Speeding up a Slow Website – Classic ASP Code
Legacy Website Complexities
Speeding up a legacy website can be more complex than you think. Software typically has a life expectancy of three to seven years. A well designed system might last seven years while a poorly designed system will last three years, and likely much less. Many businesses have critical core business processes based on corporate software that dates back decades running COBOL, Fortran or other systems from the 1980s and earlier.
ROI to Replace a Legacy System
In many cases, the ROI to completely overhaul the system just isn’t there. Also, the individuals who built the system might be long gone and rewriting it would be a major effort. A new system means new hardware, software licensing costs and re-training staff. Not to mention the development costs of a technology team with individuals to program, project manage, test and maintain. Because of the high costs, many companies decide to stick with their legacy system and try to make it faster by throwing more and more hardware at it.
Recently a large ecommerce company came to us with a challenge. The client had a 16 year old website running classic ASP that was terribly slow. They asked us to identify quick and easy ways to make it faster. Their development teams had already implemented the basics such as optimizing images. They even built an extensive caching mechanism that generated HTML files multiple times per week. In spite of their efforts, the ecommerce processes were still extremely slow with average page load times of 30 or more seconds. With their busiest shopping season of the year approaching they needed results quickly. The client requested a complete review with a recommendations presentation within two weeks.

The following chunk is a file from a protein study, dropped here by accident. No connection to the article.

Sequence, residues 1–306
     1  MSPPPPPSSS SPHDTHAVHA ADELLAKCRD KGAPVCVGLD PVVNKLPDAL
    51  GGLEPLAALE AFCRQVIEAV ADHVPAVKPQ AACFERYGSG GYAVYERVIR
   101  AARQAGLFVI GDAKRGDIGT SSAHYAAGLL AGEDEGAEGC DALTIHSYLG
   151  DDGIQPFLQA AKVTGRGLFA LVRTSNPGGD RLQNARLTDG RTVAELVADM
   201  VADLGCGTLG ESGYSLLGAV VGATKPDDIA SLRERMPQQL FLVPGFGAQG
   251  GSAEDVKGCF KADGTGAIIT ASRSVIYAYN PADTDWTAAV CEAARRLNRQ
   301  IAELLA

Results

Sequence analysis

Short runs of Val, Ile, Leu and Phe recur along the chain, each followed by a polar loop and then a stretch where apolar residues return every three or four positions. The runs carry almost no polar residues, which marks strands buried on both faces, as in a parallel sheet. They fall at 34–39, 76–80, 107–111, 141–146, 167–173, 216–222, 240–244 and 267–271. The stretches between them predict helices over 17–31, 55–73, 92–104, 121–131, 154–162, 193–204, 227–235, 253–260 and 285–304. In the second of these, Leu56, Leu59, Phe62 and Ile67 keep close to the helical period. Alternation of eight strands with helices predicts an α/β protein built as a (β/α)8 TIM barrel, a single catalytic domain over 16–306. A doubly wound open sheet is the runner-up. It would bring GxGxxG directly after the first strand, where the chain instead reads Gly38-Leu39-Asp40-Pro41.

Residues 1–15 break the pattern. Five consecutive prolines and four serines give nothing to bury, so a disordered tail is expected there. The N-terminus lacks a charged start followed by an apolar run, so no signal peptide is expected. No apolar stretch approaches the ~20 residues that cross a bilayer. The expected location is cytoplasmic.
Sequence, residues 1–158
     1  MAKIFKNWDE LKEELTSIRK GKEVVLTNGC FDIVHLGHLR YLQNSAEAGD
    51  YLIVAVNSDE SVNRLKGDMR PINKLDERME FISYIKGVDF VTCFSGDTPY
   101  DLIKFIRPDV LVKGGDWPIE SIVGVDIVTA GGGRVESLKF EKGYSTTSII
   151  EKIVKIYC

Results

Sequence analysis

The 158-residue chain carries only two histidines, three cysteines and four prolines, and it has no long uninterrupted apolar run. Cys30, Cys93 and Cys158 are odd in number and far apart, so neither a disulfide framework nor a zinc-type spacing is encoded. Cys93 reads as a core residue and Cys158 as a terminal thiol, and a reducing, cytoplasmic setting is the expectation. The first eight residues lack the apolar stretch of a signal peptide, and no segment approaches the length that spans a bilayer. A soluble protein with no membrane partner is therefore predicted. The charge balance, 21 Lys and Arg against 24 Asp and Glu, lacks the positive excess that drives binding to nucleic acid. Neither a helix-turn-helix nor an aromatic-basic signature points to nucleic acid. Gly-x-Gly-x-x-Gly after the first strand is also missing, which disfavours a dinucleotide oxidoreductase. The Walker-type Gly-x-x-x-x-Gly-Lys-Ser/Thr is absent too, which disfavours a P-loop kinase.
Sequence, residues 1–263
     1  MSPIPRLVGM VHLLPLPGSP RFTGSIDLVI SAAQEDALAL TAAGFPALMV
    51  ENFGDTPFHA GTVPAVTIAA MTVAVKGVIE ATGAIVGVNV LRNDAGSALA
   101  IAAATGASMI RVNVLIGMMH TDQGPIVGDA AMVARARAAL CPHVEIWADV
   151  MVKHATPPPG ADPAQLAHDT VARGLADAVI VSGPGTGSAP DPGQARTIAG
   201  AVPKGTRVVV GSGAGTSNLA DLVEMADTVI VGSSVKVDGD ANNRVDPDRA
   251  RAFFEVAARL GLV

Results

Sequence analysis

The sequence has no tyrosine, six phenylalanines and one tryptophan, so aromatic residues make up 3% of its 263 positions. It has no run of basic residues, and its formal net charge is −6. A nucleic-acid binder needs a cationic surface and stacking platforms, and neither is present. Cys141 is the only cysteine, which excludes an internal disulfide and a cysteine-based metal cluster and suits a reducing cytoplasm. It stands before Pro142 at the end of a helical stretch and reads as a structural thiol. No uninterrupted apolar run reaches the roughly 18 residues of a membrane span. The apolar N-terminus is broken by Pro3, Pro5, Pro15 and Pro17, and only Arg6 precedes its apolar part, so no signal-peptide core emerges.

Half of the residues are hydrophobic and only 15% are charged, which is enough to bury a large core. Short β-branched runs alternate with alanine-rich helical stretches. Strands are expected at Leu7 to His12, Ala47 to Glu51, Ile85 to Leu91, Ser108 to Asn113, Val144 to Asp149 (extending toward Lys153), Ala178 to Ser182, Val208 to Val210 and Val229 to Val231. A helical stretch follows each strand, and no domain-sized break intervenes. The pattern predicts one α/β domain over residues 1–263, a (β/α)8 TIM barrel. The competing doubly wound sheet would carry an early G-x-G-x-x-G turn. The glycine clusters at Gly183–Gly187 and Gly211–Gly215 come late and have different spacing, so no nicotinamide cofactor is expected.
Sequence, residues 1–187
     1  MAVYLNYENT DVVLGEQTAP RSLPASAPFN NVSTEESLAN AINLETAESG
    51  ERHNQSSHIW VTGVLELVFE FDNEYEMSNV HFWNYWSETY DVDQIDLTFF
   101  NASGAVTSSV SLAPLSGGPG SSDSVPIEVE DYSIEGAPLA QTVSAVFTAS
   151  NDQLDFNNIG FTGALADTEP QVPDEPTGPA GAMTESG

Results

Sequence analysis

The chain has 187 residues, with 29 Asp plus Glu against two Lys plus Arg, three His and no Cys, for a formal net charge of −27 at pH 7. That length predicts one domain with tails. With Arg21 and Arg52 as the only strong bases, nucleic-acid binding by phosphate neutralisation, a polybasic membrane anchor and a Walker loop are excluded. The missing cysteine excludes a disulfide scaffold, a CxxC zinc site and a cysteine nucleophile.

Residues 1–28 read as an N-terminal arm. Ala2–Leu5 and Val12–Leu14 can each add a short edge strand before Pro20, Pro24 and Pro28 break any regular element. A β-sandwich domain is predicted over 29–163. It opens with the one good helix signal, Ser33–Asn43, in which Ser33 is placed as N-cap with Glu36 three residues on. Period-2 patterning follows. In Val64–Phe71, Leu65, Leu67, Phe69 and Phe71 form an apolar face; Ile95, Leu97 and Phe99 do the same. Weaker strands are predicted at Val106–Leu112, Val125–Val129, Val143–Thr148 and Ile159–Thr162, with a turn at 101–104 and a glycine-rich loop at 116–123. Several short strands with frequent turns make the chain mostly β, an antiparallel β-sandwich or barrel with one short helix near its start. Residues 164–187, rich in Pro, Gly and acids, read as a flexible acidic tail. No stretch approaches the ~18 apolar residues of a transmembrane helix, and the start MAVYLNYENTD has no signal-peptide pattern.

We approached the problem by looking at the code and the database. The fundamental issue was that the developers had tried to put as little stress as possible on the database and that resulted in a less than optimal design. In this post, I will highlight the code review and high level suggestions, and will also include a link to our detailed Classic ASP recommendations with company information redacted. In the next post, I will discuss what we recommended on the database side.
The short-term solutions focused on the following:
1. Page/scripting issues – check that best practices were followed when developing ASP pages.
2. Embedded non-optimized SQL queries – these are calls to the database
3. Unnecessary include files – code referenced by the web page that is not needed
4. Keeping database connections open after requests
In every case, there were improvements that could have been made.
Long-term solutions were to:
1. Move embedded SQL to the database.
2. Upgrade software to .NET or other modern technology
3. Improve the database capabilities
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